Advocating on behalf of victims: A student’s lessons from inside the courtroom
ASSOCIATE NEWS EDITOR
Inside the New Castle County courthouse, located in downtown Wilmington, you will find the Family Court division of the Delaware courts system. There, domestic disputes cases are heard, covering a wide range of family-related events. Within the courthouses jurisdiction are matters pertaining to divorce, child support and custody, to name a few. The courthouse also sees cases of domestic abuse.
Toward the back of the courtroom, taking notes at a feverish pace, senior Olivia Blythe can be found, closely observing the legal process that someone undertakes to obtain an Order of Protection From Abuse (PFA). This document provides a victim of domestic disputes or violence protection from their abuser.
A research assistant to Associate Professor Ruth Fleury-Steiner in the Women and Gender Studies Department, Blythe has spent the past year analyzing the PFA hearings in the New Castle County courthouse, documenting a list of observations from the court cases. Every Friday, when Blythe is docked to observe cases, she takes a trip to Wilmington and witnesses the nuances attached to domestic cases.
“We would take notes on if the person filing for the PFA knew what was going on,” Blythe said, among the other details she and the other research assistants jot down. “A lot of the time, they wouldn’t have representation and end up speaking for themselves.”
According to Blythe, a PFA can only be obtained by someone who is partnered in an intimate relationship. The Delaware Courts extrapolates on this statute with a little more detail. In order for someone to file for a PFA, the law says they must have had a previous relationship, cohabiting with someone they hold themselves as a couple with, have a child in common or were in a “substantive dating relationship”
To further qualify a PFA case, a person must prove they have been abused by their partner. The same regulations that explain who can file for a PFA also gives the criteria for defining abuse. A relationship that constitutes abuse is categorized in eight different ways, which Blythe said adds to the countless times a person claiming abuse might not receive their PFA.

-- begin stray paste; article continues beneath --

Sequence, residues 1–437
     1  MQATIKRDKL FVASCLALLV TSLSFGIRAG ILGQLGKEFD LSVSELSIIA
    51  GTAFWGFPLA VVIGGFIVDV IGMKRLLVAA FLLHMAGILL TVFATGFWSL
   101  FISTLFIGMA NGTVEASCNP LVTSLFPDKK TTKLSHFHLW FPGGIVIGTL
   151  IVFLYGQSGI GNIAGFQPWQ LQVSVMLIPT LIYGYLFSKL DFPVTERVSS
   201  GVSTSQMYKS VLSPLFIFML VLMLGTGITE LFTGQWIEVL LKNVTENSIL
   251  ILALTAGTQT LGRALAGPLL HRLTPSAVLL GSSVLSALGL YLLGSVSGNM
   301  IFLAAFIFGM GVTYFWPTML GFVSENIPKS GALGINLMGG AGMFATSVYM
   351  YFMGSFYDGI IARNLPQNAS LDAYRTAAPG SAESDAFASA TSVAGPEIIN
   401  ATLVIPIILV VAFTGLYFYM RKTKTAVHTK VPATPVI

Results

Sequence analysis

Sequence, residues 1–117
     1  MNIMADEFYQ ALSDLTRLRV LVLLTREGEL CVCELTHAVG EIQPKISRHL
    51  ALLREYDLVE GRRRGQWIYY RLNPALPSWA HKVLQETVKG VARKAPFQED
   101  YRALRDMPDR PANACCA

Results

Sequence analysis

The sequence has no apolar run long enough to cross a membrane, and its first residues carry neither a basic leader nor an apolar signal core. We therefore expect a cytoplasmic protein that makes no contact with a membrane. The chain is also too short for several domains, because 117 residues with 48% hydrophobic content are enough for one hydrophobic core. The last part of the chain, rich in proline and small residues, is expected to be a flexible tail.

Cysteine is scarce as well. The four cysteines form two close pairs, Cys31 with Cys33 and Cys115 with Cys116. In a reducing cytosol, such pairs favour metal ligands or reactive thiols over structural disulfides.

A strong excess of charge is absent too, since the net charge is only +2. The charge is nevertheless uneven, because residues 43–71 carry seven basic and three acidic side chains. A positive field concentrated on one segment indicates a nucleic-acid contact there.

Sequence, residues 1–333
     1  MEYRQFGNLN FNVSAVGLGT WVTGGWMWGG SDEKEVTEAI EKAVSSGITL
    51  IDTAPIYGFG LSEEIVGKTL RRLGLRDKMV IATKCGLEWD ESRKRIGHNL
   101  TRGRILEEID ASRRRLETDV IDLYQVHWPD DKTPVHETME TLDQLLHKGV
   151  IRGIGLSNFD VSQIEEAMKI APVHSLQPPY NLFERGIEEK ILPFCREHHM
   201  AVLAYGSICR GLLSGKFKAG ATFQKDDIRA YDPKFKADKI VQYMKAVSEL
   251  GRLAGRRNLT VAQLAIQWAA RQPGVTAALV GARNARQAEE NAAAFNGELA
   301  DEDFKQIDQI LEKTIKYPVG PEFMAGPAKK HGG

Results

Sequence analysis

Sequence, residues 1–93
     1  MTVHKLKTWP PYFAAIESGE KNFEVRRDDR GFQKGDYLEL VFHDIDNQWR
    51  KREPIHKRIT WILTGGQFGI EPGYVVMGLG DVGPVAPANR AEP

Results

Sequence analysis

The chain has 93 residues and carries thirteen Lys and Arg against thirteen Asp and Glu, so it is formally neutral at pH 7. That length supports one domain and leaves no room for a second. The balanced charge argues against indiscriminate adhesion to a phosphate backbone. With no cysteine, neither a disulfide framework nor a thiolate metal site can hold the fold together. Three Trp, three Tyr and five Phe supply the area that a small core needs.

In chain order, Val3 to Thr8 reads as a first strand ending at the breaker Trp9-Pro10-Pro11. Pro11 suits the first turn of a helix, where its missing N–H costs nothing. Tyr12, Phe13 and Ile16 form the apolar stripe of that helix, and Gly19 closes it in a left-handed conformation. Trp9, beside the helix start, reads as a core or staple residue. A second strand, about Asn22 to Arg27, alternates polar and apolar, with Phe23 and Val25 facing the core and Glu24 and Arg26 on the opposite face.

Overseeing these PFA hearings are the 10 Family Court commissioners, who represent the final line between the victim and their PFA. Blythe noted that in her experience, she has predominantly seen women stand before the commissioners. Many times, she has seen women victims unable to defeat the convolutedness of this system.
“It’s all about the woman making a case for herself, and sometimes it can be really victimizing for the woman to stand up before the judge,” Blythe said. “The judge will ask if the victim can explain their abuse, which can be really hard for them.”
Alongside the traumatic recounting of their abuse, these cases frequently have the perpetrator standing in the back of the room as the victim explains their case. They present a menacing force — a force that can emotionally rattle the victim.
A victim’s shame is further perpetuated when the representation meant to defend their case flips the script on their client.
“They’ll say ‘Well, the abuse doesn’t seem that bad, like it’s just bruises,’ she said. “‘Your collarbone isn’t even broken.’”
Through her experiences, Blythe has taken away that everyone knows someone who has been a victim in a PFA case, whether or not they are privy to this information. She said that commissioners will frequently make arrangements for victims, offering a myriad of social services they may need. The victims, commissioners, representation and those offering domestic abuse support become familiar with each other.
Throughout the duration of this long line of interactions, Blythe said that many people become aware of who is undergoing the PFA process.
Blythe emphasized that the forces affecting a person’s case are dependent on several underlying factors, including their socioeconomic status, their educational level and the ability to find competent lawyer. She said that people who have money to afford an expensive lawyer will win their cases more frequently, while those who rely on the over-worked public defender might not fare as well.
Many of those who are unsuccessful in getting a PFA will end up going through the system more than once. Blythe has seen one particular woman go through it four times, filing against four different men. The services extended to the victims of domestic abuse are scant in Delaware, which contributed to her recurring presence.
“There are resources, but they are just so overworked,” she said. “Yes, there are resources for the victims, but we need more money and more people.”
Blythe will continue her work in this field next spring, interning as a court advocate in the same Wilmington courthouse she has been frequenting as a part of her research. She has become aware of the “weird” language determining these critical cases, and she said she wants to continue to fight for those who have been victimized not only by their abuser, but by the system as well.
“If you do it all right, your case still might be thrown out,” she said.
It is Blythe’s hope that what she has learned can translate to the general public. In her words, compassion can lead to a more thorough understanding of domestic violence.
“It’s definitely taught me to be more empathic with people, because sexual violence is so traumatizing, and I don’t think people understand that,” she said.